Rationale: Neurons detect free fatty acids (FFAs) availability and use this nutritional status to modulate feeding and control body weight. Objectives: The work is designed to characterize the impact on feeding behavior of either oleic acid (OA) administration (experiment 1) or the inhibition (experiment 2) of the enzyme carnitine palmitoyltransferase-1 (CPT-1). The structure of feeding behavior and satiation time course were examined through the behavioral satiety sequence (BSS) paradigm. Methods: Adult male mice were initially habituated to a palatable diet, then subjected to intracerebroventricular (i.c.v.) infusion of different doses of OA or the CPT-1 inhibitor ST1326. Food intake at different time points, duration, and frequencies of feeding and non-feeding-related behaviors were continuously monitored over 40 min and satiety development profiled according to BSS. Results: Intra-i.c.v. infusion of oleic acid (300 nM) and ST1326 (50 and 75 pM) suppressed food intake. As indicated by the earlier leftward shifting of the normal transition from eating to resting, both strategies similarly accelerated the onset of satiety. The premature onset of satiety resulted in a dose-related fashion with 50 pM of ST1326 producing a marked premature onset than the lower dose. However, at the highest dose injected, the inhibition of CPT-1 disrupted the BSS profile. Conclusions: The increased neuronal availability of FFAs mediates a significant anorectic response which is mirrored by an early occurrence of satiety onset. Besides supporting the role of central nutrient sensing in feeding, the present data demonstrate that the modulation of satiety enhancement can produce appetite suppressant effects within narrow range of neuronal FFAs availability.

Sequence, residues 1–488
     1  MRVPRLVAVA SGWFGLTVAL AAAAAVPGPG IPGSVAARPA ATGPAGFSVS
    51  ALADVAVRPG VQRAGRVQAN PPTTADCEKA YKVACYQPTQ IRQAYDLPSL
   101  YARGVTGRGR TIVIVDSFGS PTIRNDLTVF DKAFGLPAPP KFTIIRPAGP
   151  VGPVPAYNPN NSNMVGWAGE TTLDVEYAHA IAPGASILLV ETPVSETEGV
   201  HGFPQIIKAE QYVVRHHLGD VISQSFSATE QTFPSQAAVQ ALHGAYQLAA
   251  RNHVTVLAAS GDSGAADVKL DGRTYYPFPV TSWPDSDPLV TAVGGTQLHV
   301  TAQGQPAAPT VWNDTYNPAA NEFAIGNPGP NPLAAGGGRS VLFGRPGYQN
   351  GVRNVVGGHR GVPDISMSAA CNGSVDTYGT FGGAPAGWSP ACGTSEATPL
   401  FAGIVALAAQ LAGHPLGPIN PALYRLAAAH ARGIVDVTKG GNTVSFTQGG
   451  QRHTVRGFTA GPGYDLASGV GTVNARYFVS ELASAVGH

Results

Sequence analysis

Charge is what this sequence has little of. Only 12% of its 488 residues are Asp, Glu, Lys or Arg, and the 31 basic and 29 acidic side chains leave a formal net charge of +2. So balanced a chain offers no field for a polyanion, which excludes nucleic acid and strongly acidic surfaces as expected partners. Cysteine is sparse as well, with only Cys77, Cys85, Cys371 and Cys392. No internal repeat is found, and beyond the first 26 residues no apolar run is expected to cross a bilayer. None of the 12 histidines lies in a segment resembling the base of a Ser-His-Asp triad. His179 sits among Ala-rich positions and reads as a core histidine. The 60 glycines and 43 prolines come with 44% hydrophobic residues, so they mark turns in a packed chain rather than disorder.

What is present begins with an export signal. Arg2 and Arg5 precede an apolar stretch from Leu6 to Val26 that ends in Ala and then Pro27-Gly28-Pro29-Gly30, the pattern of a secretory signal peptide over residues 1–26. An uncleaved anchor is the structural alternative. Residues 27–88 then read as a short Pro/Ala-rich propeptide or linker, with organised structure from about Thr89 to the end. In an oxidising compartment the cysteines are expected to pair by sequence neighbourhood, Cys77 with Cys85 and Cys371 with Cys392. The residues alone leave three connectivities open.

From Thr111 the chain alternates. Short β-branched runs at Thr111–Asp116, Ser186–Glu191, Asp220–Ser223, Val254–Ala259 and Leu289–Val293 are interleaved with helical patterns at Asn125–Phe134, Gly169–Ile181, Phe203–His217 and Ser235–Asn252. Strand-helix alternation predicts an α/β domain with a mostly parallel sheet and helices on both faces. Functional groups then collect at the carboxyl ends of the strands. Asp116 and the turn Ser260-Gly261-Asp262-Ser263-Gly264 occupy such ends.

- Behavioral satiety sequence
- Carnitine palmitoyltransferase-1
- Free fatty acids
- Nutrients sensing
ASJC Scopus subject areas